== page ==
The second half of the block, beyond the bridge, is filled with a marvelous department store called Elias & Company. As you know, Walt’s father was named Elias.
The interior of Elias & Company is stunningly beautiful. It looks like the inside of an elegant department store of a bygone era. Unfortunately, of the 2,500+ pictures I took at the Disneyland Resort, this is the only picture I captured inside this wonderful store.
Moving back to the beginning of Buena Vista Street, I’ll now walk you up the west side of this thoroughfare.
The first building we encounter is the Sepulveda Building. This structure houses restrooms and lockers. Sepulveda Boulevard is a major street in the Los Angeles area and runs 43 miles from the San Fernando Valley to Long Beach.
One of the new attractions added to DCA is the Red Car Trolley. Modeled after a transportation system that once boasted over 1,000 miles of track in Southern California, this scaled down version runs from Buena Vista Street to the Tower of Terror. About five years ago, I wrote an article explaining the Red Car’s history and how its presence can be seen at Disney's Hollywood Studios. To read it, click here.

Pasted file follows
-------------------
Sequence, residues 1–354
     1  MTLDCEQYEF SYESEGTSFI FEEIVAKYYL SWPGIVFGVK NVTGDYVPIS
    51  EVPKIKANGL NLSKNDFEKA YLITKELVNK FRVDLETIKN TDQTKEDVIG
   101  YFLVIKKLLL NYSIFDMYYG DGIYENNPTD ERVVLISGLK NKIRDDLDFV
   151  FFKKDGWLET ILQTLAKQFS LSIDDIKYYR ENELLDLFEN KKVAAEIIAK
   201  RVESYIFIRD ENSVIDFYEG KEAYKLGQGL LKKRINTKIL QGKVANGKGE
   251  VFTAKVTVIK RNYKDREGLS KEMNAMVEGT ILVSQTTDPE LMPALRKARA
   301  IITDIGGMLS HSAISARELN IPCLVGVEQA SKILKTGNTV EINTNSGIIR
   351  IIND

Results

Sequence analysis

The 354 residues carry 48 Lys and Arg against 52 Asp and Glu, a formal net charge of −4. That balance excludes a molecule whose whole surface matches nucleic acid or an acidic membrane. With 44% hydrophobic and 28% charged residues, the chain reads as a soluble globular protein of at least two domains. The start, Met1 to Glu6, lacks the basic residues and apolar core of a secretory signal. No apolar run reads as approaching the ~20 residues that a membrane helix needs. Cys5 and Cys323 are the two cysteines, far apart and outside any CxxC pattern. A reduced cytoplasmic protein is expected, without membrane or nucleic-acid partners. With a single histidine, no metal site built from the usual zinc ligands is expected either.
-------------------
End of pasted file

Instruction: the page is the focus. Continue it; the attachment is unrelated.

This next picture is of the Buena Vista Street Trolley Station. The following is of the trolley running along this same roadway.
There are two Red Car Trolleys. They both leave their respective station (Buena Vista Street and Tower of Terror) at the same time. They pass one another along Hollywood Boulevard in the same manner as the horse-drawn trolleys pass on Main Street. A third, intermediate station can be found on Carthay Circle. The trolleys actually receive some of their power from the overhead electrical lines.
The next picture shows the trolley’s “passing” tracks on Hollywood Boulevard. The second photo is of the Tower of Terror Station.
Inside the Red Car are a number of “period” advertisements promoting other DCA attractions. Here are just a few of the amusing signs.